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Gurus of graffiti cleanup

When asked how many people comprise the graffiti cleanup crew at the 114th Civilian Observation Patrol (Civ-OP), Jim Pollock, the organization’s President, laughed.
“Three guys, well two guys and her,” he joked of his small crew - Peter Cassulis, Michael Cunningham and Susan Hengler - as they setup drop cloths around an Astoria laundromat on a sweltering Tuesday evening.
“All you need is three people, but three dedicated people, that’s the key,” Pollock said.
Every Tuesday and Friday evening, the group goes out to cleanup graffiti in the 114th Precinct - which includes the commercial thoroughfares of Steinway Street, Broadway, Ditmars Blvd, 30th Avenue and Northern Boulevard. In general, Pollock said, graffiti vandals “hit” stores rather than private homes.
The Civ-OP keeps a database of 140 sites that they maintain - about 160 total that they have cleaned - and list specifics for each site, including which of 15 colors of paint they used. While the graffiti cleaners are working, another unit patrols the neighborhood, checking for new tags and making sure that vandals have not defiled freshly cleaned sites.
Back at the Civ-OP headquarters - the Pollock residence - Jim’s wife Barbara files all of the paperwork for the cleanups, types requests for more grant money, and organizes the requests from local politicians and the police precinct.
After local residents call 3-1-1, the complaints about graffiti vandalism are passed from the elected officials to the Civ-OP, which cleans the paint for free and is funded by grants from Councilmembers Peter Vallone, Jr. and Eric Gioia through the city’s Department of Small Business Services; Assemblymember Michael Gianaris through the state’s Division of Criminal Justice Services; and from State Senator Goerge Onorato through the state’s Office of Parks, Recreation & Historic Preservation.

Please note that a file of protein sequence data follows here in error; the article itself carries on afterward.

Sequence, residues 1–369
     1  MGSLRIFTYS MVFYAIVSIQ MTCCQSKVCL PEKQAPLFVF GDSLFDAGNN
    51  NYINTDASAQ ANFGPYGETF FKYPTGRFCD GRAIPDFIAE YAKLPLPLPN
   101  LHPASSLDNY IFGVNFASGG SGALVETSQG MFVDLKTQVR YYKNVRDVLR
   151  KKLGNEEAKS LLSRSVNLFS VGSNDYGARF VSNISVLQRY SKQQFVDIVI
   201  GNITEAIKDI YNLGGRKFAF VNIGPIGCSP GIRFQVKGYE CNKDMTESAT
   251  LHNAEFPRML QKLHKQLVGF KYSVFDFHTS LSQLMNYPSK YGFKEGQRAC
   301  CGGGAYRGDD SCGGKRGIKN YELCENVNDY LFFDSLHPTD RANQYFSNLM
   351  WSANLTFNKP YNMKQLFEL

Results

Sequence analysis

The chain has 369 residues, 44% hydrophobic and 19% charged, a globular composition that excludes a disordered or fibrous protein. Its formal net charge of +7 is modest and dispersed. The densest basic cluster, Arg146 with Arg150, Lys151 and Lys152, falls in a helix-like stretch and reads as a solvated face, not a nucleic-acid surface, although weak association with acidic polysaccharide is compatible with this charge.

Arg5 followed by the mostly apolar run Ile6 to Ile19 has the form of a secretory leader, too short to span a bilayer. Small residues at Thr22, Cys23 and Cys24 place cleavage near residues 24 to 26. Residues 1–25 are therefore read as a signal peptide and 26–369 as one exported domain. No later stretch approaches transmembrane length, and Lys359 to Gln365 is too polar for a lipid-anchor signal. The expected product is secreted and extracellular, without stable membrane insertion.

The funding has allowed the group to rent a trailer for VIN etchings, buy a van to transport graffiti cleaners to sites, and pay for supplies like paint, rollers and a power washer.
How long it takes the group to get out to a site depends on the job size, the location and what kind of paint was used during the vandalism.
“Painting, within two weeks we usually get to it,” Pollock said, explaining that power washing in the winter months was impossible before. The chemical that they used previously would not work in temperatures below 40 degrees, but with a new solution, they will be ready to take on every task come December. They use an expensive cleaner called “Elephant Snot,” which sucks up all of the paint embedded into brick. However, this chemical also sucks out the reddish brown coloring in the brick, and leaves a lighter shade.
“They can put it on as fast as they want, and I’ll take it off as fast as I can,” Pollock said. The group - like other graffiti cleaners - try to remove or paint over tags as quickly as possible as a deterrent to vandals, a word that Pollock uses over artist in every reference.
On Tuesday, July 10, it took about an hour-and-a-half for the crew to lay the cloths, cover surrounding cars, scrape chipping paint and repaint four metal pull-downs surrounding the store.
Their next major site - an entire four-story building - will take about six days of power washing, but the owner has promised to buy a chemical that prevents paint from seeping into the brick. Then soap and water can wash away tags.

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